Our table is an adorable little table for two directly beside a window on a side street, it’s open and a wonderful breeze floats in (we had an amazing 24°C day). The table is small enough that we can hear each other over the noise of the restaurant. And it’s noisy or shall I say, lively! There are still a lot of families dining, but the kids are held at the tables and not running around the place like wild animals. We are greeted by our waitress within a reasonable amount of time and we order our cocktails; I had a Campari Spritz which is 1.5oz Campari, 1.5oz Prosecco & splash of soda and JT had an Il Sorpasso which is 1.5oz Aperal, 1oz Bourbon, fresh Lemon juice, Honey & Sprakling Lemonade. My cocktail is quite bitter on first taste, but then mellows and I find it tasty but not sweet which makes it easy to sip and not guzzel! JT’s cocktail has a bit too much sweetness for my taste. We order out appetizers but wait to order our mains. I had the grilled calamari which was presented typically and rustically with a mix of greens; perfectly cooked, the calamari was tender and dressed just right, it had an absolutely perfect char which really brought out the smoky flavour. I will go back specifically for this course! JT had a chick pea cake with mixed greens. We had high hopes for the chick pea cake but sadly it was bland and really needed some kind of sauce or aioli.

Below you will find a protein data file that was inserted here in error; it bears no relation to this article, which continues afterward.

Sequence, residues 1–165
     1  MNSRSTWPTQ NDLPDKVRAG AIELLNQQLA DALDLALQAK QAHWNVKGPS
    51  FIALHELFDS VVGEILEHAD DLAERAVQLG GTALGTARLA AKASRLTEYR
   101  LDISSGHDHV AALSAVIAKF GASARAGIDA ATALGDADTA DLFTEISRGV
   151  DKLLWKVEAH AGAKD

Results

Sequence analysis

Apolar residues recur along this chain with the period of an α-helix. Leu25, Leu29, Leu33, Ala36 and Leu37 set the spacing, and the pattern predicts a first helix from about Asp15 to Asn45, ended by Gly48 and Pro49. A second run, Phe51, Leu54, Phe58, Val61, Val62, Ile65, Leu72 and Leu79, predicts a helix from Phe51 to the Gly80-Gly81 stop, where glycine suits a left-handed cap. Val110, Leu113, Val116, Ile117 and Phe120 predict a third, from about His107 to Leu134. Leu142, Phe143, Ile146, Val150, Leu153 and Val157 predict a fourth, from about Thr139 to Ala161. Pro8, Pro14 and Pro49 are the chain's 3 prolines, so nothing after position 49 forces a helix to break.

For our main course we shared the cheese and cured meat platter which was just the right amount of food. The platter itself was a lovely slab of wood sliced from the trunk of an olive(?) tree; Tom mentioned that they were custom made. They served an aged Parmesan and a softer mild cheese that I wasn’t familiar with but was very tasty. The platter also came with a small ramekin of honey which was incredibly tasty when drizzled on the cheese. The cured meats were prosciutto and salami. There was bread and focaccia which I declined.